Upon Further Review: Charlotte

Jordan Veneziale works with a group of defenders to take down a Charlotte ball-carrier in Saturday’s 20-9 victory over the 49ers. Photo: Jordan Crawford for THERSdayNight.com

Georgia State’s performance last Saturday against Charlotte was, in many ways, going to say a lot about how the whole 2021 season would go. After two disappointing outings and losses to mark those occasions, the room for error to make a bowl game, much less achieve the loftiest of preseason goals, was getting smaller and smaller and nothing short of a bounceback win would do against the 49ers. Fortunately for the Panthers, they got the job done and looked good in both phases of the game doing it. What can we take away from this 20-9 win? This is Upon Further Review.

Grainger’s Got Your Back

The biggest story heading into kickoff was the late announcement that Furman transfer Darren Grainger would be making his first career start at QB, replacing the scuffling Quad Brown. Panther fans’ only previous on-field memories of Grainger to that point would have been the 311-yard, 4-TD passing performance he had as a Paladin in Furman’s 48-42 loss to Georgia State in 2019, but the Darren Grainger story on Saturday was about his impact on the run game. He tapped into good partnerships with WRs Ja’Cyais Credle and Jamari Thrash to be sure, connecting with each on a long touchdown pass, but from the opening drive it was clear he was willing and able to call his own number on the ground – and this is what changed the tenor of the Panthers’ offense. 

Grainger ended up with the second-most rushing attempts on the team with 16 behind starting RB Tucker Gregg and Charlotte’s defense truly had to honor the quarterback in the run game for the first time since Dan Ellington played his last game for the Panthers. As a result, everyone benefited – Grainger, Gregg, Destin Coates and Jamyest Williams all finished north of 60 rushing yards apiece and the team finished with 298 total, the seventh-highest mark in school history. There’s still things to clean up on offense, like fixing the fumble problem and tapping into a more diverse passing attack than go routes all night. Indeed, some of each might have meant Georgia State would have scored more than 20 last Saturday. But re-establishing this team’s identity as a smash-mouth running team, something that had been missing through two games, was the prime goal against Charlotte. They achieved it emphatically with the help of Darren Grainger.

And So Does The Defense

The defense for Georgia State similarly had a bounceback game, and it started with limiting the big plays. The numbers look good at base level – 276 yards allowed on 67 plays, good for 4.0 yards per play. But when you look under the hood, there’s even more to like. Georgia State gave up just two plays all night of 20 yards or more – a zone-busting slant route by Elijah Spencer got Charlotte 36 yards and their only touchdown of the night in the 2nd quarter and Shadrick Byrd got a 25-yard run in the 3rd quarter. Excepting those plays, the Panthers defense allowed just 218 yards on 65 plays, 3.36 yards per play. Obviously those plays did happen, but the point is that except for the two (2) plays where they managed to bust a long gain, the Charlotte offense spent a lot of the night spinning their wheels and failing to move the ball. Short gains and tackles for losses on run plays on 1st and 2nd down often set them back in 3rd-and-longs, so it’s no surprise that the 49ers went 4-for-15 on 3rd down all night.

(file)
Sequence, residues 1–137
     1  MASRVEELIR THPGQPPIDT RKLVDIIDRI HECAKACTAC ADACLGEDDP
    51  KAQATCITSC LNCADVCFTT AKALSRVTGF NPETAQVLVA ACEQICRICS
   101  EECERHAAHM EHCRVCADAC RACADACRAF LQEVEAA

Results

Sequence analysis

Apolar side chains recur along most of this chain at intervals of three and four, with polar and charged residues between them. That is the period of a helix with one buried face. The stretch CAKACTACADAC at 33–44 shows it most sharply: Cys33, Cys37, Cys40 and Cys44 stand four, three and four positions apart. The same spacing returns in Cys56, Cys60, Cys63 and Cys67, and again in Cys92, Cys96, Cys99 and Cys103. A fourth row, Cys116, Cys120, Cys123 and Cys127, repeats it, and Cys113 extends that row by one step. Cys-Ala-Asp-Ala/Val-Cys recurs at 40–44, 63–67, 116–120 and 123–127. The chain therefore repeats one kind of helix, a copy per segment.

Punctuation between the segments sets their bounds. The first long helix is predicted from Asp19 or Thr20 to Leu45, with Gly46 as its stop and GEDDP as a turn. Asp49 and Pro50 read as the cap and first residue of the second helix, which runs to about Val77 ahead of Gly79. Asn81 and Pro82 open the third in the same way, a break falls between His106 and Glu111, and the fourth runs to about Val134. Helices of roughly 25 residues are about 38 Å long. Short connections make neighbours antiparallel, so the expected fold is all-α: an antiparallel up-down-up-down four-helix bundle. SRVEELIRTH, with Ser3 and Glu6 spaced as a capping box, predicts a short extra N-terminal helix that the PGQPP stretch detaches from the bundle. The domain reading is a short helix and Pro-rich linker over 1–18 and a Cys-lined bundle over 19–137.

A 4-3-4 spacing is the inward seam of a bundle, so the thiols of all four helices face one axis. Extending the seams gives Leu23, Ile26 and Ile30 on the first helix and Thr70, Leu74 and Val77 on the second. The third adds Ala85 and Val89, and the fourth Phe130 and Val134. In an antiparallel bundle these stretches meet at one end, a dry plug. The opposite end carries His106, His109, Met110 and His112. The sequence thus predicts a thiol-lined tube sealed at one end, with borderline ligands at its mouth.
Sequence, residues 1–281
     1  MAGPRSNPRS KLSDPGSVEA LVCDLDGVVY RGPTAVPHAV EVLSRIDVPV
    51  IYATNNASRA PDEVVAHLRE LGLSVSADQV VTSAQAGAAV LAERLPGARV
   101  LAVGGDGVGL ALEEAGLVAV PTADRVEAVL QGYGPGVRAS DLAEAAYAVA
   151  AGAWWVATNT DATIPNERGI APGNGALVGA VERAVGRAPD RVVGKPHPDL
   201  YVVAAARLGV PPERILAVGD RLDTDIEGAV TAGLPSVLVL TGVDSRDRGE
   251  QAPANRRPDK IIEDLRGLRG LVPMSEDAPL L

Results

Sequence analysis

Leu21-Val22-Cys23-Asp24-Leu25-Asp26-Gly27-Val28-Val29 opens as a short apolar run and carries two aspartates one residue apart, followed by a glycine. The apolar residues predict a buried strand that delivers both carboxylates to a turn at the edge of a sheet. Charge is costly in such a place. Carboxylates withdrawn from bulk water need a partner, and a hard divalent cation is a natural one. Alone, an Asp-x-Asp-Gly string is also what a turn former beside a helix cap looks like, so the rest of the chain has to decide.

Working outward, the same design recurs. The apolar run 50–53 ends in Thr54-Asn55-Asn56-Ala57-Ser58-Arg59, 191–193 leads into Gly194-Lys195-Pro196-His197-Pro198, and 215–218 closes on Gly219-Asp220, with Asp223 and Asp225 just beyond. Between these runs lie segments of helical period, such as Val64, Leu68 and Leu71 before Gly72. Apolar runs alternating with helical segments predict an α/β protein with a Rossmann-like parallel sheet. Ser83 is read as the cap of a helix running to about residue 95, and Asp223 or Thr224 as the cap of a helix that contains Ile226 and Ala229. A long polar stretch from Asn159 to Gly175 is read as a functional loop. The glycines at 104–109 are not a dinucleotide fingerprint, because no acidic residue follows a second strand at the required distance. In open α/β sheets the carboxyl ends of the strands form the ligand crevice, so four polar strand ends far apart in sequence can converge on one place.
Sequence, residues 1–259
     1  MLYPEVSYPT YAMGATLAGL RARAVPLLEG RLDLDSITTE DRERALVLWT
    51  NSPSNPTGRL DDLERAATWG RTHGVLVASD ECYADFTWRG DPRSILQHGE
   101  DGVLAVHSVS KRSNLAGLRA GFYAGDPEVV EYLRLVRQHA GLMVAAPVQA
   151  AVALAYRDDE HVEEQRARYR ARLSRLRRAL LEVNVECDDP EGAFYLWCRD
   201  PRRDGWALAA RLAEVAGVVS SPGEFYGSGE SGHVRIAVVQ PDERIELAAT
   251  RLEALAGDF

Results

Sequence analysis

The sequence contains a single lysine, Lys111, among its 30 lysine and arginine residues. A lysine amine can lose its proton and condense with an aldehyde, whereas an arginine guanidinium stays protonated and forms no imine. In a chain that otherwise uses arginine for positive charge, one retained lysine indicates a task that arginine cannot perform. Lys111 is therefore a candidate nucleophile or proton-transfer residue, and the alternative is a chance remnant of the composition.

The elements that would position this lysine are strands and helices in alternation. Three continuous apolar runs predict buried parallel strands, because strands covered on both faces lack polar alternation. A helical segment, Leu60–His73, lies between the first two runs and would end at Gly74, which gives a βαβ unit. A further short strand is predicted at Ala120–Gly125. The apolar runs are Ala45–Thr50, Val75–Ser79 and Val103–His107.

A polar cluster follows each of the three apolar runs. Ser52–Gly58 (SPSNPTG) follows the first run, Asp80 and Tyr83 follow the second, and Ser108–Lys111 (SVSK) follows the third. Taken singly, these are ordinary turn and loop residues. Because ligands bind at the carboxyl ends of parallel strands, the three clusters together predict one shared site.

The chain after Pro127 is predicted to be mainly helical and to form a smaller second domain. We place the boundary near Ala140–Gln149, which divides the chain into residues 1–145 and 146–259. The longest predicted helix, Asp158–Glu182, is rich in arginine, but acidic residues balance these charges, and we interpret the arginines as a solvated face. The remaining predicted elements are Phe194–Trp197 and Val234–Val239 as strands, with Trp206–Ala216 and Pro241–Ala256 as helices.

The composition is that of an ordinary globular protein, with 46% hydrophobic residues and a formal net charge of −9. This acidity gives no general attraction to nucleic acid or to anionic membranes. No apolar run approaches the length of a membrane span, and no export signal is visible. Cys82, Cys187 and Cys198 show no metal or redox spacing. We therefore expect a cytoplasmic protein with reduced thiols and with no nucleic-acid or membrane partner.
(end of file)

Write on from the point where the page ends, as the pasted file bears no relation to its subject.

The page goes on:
A lot of this was down to the run-stuffing ability of the front seven. Inside linebackers Blake Carroll and Jordan Veneziale pinned their ears back and got downhill, co-leading the team with 9 tackles and helping the D-line control the line of scrimmage. But the pass rush and the coverage on the back end also worked in tandem to make it an inefficient passing night for 49ers QB Chris Reynolds as well. Some plays, the coverage downfield was what won out – the Panthers had six pass breakups on the night, two each for newly-minted starters OLB Jacorey Crawford and CB Bryquice Brown. But on other plays, the pass rush got home and forced Reynolds to make an errant throw or make a throw earlier than the receiver was ready for. If there’s one potential growth area for the defense moving forward, it’s that there were easy opportunities on almost all the aforementioned PBUs for an interception and the game could have been in hand sooner than it was if one or two of those were hauled in by the defender.

Back to “Georgia State Football”
All of this had the combined effect of saying this – Georgia State won a football game and they did it in the ways we’ve become accustomed to seeing. They controlled both lines of scrimmage, they pounded the rock early and often on offense and took what they could get in the passing game and they limited the big plays on defense. It’s entirely possible that that Georgia State team hangs around with Army in Week 1 instead of losing by 33 and never being in the game. And that’s an important note to end on. The schedule doesn’t get any easier with a trip to #23 Auburn looming this weekend and a return home to host Appalachian State for the start of the conference slate the Saturday after, but the Georgia State team that beat Charlotte is good enough to compete in every game left on the schedule. The Panthers hit the reset button in Week 3 and now they have to capitalize on their newfound momentum and keep trending the right way for Sun Belt play.

Brady Weiler

Programming Director at THERSday Night

Brady Weiler has 113 posts and counting. See all posts by Brady Weiler

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